Avocado prices are at an all-time high ahead of Cinco de Mayo on Friday
Your Cinco de Mayo guac is gonna cost you this year.
Avocado prices are at an all-time high ahead of the celebration of Mexican culture this Friday, when folks often feast on guacamole made from the mashed-up green fruit.
Skyrocketing demand across the globe, plus a much smaller crop yield this year, has added up to a 22-pound case of Hass avocados from Mexico costing $28 last week – more than double last year’s price, Bloomberg reports. That’s also the most expensive avocados have run in the 19 years that data has been collected.
That wholesale spike has trickled down supermarket shelves, where the average price of a Hass avocado surged from 89 cents in January to $1.25 just last month, according to the Hass Avocado Board. And the avocados last Cinco de Mayo just 82 cents apiece.
If you’re going organic, they’re more like $1.50 a pop. So buying two avocados to whip up homemade guac can set you back $3 or more on just the base ingredient. That doesn’t sound like much until you consider it was well below $2 last year.
And restaurants that dish guacamole and other avocado products have been hit hard. Chipotle increased prices by about 5% in one-fifth of its stores earlier this year. Subway no longer offers fresh avocado as a sandwich topping.
Alessandro Biggi, the co-owner of Brooklyn’s new Avocaderia bar devoted to avocados, said the price of the fruit has doubled since creating their business plan. He and his partners will try to avoid raising menu prices by buying avocados in even greater bulk.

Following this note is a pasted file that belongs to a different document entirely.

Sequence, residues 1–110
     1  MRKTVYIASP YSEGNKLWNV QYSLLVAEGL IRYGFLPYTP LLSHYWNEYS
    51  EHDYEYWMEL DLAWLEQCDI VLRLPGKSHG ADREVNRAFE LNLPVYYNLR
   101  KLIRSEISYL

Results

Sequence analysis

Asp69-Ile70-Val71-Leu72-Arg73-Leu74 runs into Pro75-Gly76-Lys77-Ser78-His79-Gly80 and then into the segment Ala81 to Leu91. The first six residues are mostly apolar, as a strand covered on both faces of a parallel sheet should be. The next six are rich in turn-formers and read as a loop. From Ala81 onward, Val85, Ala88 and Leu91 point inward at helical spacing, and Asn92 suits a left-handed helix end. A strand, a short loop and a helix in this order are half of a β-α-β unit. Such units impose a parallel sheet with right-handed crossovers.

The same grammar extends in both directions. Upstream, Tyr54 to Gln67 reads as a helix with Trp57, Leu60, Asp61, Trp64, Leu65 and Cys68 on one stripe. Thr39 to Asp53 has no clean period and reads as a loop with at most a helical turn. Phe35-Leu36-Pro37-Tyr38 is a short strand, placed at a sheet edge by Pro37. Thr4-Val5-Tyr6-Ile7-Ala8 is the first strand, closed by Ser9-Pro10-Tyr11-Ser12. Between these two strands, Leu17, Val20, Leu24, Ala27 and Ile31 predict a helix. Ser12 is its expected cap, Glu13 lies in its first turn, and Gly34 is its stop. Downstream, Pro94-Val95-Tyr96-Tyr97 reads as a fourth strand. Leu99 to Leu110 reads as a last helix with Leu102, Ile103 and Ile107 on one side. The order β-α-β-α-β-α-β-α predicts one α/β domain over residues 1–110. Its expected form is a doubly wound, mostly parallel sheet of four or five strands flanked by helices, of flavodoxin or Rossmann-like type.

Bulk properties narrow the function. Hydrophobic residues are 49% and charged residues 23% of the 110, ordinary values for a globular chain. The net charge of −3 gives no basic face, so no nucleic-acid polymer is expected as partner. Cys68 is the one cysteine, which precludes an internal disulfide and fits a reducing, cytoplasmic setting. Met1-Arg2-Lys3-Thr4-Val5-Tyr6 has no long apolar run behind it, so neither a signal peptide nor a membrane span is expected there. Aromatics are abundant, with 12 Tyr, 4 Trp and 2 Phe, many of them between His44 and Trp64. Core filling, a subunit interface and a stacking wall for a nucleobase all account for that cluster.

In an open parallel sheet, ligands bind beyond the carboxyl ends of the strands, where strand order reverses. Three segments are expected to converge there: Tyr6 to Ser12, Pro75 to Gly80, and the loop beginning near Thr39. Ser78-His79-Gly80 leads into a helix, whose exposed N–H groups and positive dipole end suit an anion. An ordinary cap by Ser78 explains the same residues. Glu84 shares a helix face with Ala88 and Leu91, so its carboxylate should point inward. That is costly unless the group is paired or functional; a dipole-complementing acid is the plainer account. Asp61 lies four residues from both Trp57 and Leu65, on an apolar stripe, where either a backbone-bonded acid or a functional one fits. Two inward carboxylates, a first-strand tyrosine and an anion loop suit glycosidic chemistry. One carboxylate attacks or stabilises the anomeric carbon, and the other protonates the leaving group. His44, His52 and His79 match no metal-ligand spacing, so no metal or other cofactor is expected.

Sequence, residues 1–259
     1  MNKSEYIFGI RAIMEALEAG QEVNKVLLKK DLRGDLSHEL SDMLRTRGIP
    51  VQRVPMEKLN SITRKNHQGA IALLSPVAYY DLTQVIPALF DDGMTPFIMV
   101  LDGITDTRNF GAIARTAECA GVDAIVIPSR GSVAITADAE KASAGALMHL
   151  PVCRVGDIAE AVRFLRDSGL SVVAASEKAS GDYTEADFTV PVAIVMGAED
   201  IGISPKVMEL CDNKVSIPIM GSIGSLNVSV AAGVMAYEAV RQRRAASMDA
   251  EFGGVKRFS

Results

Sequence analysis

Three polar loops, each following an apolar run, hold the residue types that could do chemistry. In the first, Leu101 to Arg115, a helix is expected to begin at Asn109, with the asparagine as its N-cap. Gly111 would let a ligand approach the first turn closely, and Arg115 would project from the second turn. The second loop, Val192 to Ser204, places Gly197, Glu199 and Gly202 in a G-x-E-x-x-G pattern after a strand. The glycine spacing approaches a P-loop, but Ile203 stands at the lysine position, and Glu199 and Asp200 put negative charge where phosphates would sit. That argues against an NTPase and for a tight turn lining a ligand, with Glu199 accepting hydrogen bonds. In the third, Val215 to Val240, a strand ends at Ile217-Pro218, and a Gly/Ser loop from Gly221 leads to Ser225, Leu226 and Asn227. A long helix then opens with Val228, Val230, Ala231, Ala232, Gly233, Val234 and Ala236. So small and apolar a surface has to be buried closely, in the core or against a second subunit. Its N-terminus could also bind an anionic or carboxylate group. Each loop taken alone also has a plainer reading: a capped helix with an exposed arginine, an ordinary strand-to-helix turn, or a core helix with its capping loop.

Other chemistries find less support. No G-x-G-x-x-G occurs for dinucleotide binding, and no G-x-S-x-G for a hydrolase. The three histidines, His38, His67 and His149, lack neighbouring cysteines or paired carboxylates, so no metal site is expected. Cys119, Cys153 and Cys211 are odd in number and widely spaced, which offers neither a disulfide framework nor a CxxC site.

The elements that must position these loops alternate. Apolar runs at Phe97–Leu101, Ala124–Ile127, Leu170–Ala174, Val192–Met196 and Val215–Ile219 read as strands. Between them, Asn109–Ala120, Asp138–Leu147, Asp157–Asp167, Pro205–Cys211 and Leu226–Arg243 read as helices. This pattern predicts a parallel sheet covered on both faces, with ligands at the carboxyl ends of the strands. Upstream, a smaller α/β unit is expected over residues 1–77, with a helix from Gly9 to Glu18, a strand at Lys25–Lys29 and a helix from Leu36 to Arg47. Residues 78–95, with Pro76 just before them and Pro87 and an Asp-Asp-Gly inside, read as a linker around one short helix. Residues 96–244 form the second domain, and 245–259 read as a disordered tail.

“Of course, that might change in the future,” he warned. “But we’re trying to keep the pricepoint ($6.95 for toast, $14.95 for an avocado burger) affordable.”
So how did we get here?
Well, just over 80% of the avocados that Americans use come from Mexico, whose avocado shipments to the U.S. ballooned from 24 million pounds in 2000 to a 1.76 billion pounds in 2014, according to the Hass Avocado Board.
We’ve developed an insatiable appetite for the buttery fruit, particularly as medical studies claim the omega-3 fats in avocados provide health benefits like lowering your risk of cancer and heart disease. Plus, they’re a rich protein source for vegetarians and vegans that tastes great.
So we’re buying twice as many as we did a decade ago; per-capita consumption jumped from 3.5 pounds in 2006 to 6.9 pounds in 2015, per U.S. government data. And Starbucks has added avocado spread to its menu.
But that supply is struggling. Avocados are an alternate bearing corp, which means a larger harvest one year is often followed by a smaller crop year. Alas, 2017 is the dud year.
The weather also hurt this year’s harvest. California, another major U.S. avocado supplier, projects a 44% decrease in crop partly due to last year’s heat waves. Peru also lowered its crop forecast after severe flooding.
The bottomline is that avocado prices will remain elevated for months to come, but the crops could rebound for a cheaper bowl of guacamole next Cinco de Mayo. The California Avocado Commission also noted in January that, “the fruit on the trees is looking very good now,” and they expect to “ramp up” harvesting in late spring.
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